But although I miss faraway destinations, what I miss most on a daily basis are my places — the coffee shops I loved to write in, the restaurants and bars where I’d unwind with my friends. One of the places my kids and I miss most is the public library.
For the past 10 years our local library has been the Bexley Public Library in Bexley, Ohio. It might as well be “Cheers”; everyone knows our names. And we know theirs, too.
Before the pandemic, we visited the library several times a week. Sometimes I’d go alone, walking the several blocks there from my house to pick up books on reserve — maybe collections by some of my favorite poets, like Traci Brimhall or Jericho Brown, or a novel I’ve been waiting in a long queue to read. I’d check out DVDs and Blu-rays and surprise my son and daughter with them on one of our Friday movie nights (I’ve been introducing them to the classics of my ’80s childhood, from “The Goonies” to “Indiana Jones”). Once my daughter begged for a board game, and I lugged the big box home. It was worth it.
Usually I’d wait and take the kids to the library with me, because they loved to pick out their own books and movies. The children’s section is on the basement level, where you can look through the windows and see people’s shoes as they walk in the small courtyard outside. We’d descend the stairs together — or take the elevator when one of the kids was still in a stroller — and round the corner into a wonderland of books, puzzles and toys.
When my kids were very young, I would take them to baby and toddler story time. We’d walk in and immediately be greeted — yes, by name — by one of the librarians: Marilyn, Bryan, Kathryn, Victoria. I’d sit with my son or daughter in my lap, and we’d listen to stories and sing songs together. The librarian would play children’s music on an iPod and pass out maracas and jingle bells. And at the end there would be parachute time, the babies crawling underneath as the bright colors billowed over them.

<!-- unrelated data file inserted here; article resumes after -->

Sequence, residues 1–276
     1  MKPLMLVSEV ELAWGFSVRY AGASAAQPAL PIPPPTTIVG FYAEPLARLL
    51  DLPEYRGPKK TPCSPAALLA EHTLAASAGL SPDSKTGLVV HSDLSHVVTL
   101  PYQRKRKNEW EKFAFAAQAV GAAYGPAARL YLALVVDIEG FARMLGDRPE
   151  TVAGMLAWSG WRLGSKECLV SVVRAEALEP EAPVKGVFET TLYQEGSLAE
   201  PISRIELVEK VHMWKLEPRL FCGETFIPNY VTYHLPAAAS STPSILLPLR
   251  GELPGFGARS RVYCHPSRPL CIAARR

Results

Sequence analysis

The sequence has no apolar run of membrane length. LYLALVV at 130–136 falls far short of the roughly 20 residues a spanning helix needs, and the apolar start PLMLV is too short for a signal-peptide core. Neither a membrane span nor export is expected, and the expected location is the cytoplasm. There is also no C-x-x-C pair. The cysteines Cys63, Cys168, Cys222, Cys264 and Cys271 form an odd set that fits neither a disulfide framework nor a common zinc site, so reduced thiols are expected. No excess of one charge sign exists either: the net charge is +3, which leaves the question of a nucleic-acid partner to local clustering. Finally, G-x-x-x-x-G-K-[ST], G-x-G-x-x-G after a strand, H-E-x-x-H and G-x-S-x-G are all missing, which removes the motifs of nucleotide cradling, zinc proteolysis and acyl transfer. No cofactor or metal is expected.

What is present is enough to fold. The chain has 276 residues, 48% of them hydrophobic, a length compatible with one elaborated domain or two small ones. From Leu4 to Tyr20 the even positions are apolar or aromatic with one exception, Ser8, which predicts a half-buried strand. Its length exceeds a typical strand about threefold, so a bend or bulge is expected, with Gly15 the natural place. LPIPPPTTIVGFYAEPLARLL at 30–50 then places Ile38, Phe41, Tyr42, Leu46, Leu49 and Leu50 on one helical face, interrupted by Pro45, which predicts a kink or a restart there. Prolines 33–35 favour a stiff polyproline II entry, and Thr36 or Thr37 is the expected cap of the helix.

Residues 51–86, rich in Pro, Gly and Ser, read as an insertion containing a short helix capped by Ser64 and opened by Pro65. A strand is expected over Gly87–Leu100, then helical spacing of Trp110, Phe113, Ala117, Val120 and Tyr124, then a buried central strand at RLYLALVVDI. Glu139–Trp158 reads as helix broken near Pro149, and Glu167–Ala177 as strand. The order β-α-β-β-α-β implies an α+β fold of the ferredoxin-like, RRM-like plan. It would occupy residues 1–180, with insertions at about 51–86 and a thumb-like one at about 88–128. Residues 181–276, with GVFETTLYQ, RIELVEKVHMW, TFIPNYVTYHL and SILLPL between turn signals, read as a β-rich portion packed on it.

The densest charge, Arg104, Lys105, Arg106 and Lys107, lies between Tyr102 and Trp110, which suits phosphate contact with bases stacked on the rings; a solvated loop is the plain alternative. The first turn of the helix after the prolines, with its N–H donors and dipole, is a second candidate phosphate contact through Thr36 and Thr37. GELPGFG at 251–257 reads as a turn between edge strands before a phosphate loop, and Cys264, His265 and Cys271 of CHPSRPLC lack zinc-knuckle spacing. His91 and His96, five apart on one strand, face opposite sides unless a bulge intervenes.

Those early parenting years were not easy for me. But I could show up at the library — sometimes unshowered, with a child who’d refused to sleep more than an hour at a stretch the night before — and we were welcomed. My son could play in the puppet theater or build with magnetic tiles. My daughter could curl up on a couch with a book she’d picked herself, without (ahem) parental intrusion.
Thirty-some years ago, I was just like them. Some of my own earliest memories are going to another central Ohio library — the Westerville Public Library — with my mother and younger sisters. I must have been very young, because I remember picking out some of the Blue Bug books by Virginia Poulet: “Blue Bug Goes to School,” “Blue Bug’s Beach Party” and, yes, “Blue Bug Goes to the Library.” As a teenager, I ventured into the poetry section and into the shelves of cassettes and CDs. I could check out Neil Young, the Violent Femmes, the Cocteau Twins. I have always devoured music the same way I’ve devoured books, so having both in the same building — and for free! — was incredible.
Over the years, I’ve been asked many times how I became a writer. How does one become a writer? I’m reminded of a quote by the writer James Baldwin: “The terrible thing about being a writer is that you don’t decide to become one, you discover that you are one.” I love this idea of excavating something that was always inside you — finding it, dusting it off and holding it up to the light. But for the record, I don’t think it’s a terrible thing at all. It’s a wonderful surprise, to discover you’re a writer.
I think we become readers before we discover we’re writers, and we become readers by being exposed to literature early and often. The public library makes this possible, free of charge. Public libraries are where readers — and, therefore, writers — are born.
A couple of years ago, one of the children’s librarians at the Bexley Public Library made a wall display of the last sentence of my poem “Good Bones”: “You could make this place beautiful.” So when my kids and I go downstairs to find “Magic Treehouse” or “Diary of a Wimpy Kid” books for my second-grader or novels for my tween, we see those words on the wall by the librarian’s desk. It touches me every time.
Now something else at the library touches me when I see it: the “Together We Will See It Through” banner hanging on the front door since lockdown began. I choked up the first time I noticed it.
Together we will see this dark, difficult time through — and on the other side, we will gather in our favorite places again. My kids and I will walk back to the library, head downstairs and round the corner to see the faces we know. Maybe “You could make this place beautiful” will still be on the wall. My son and daughter will be thrilled to be let loose in the stacks again, choosing their own books, and I’ll probably catch up with the librarians, my arms full of poetry and movies. When we leave, I’ll say, “See you soon,” because of course we will.
Maggie Smith is the author of four books, most recently “Keep Moving: Notes on Loss, Creativity, and Change.”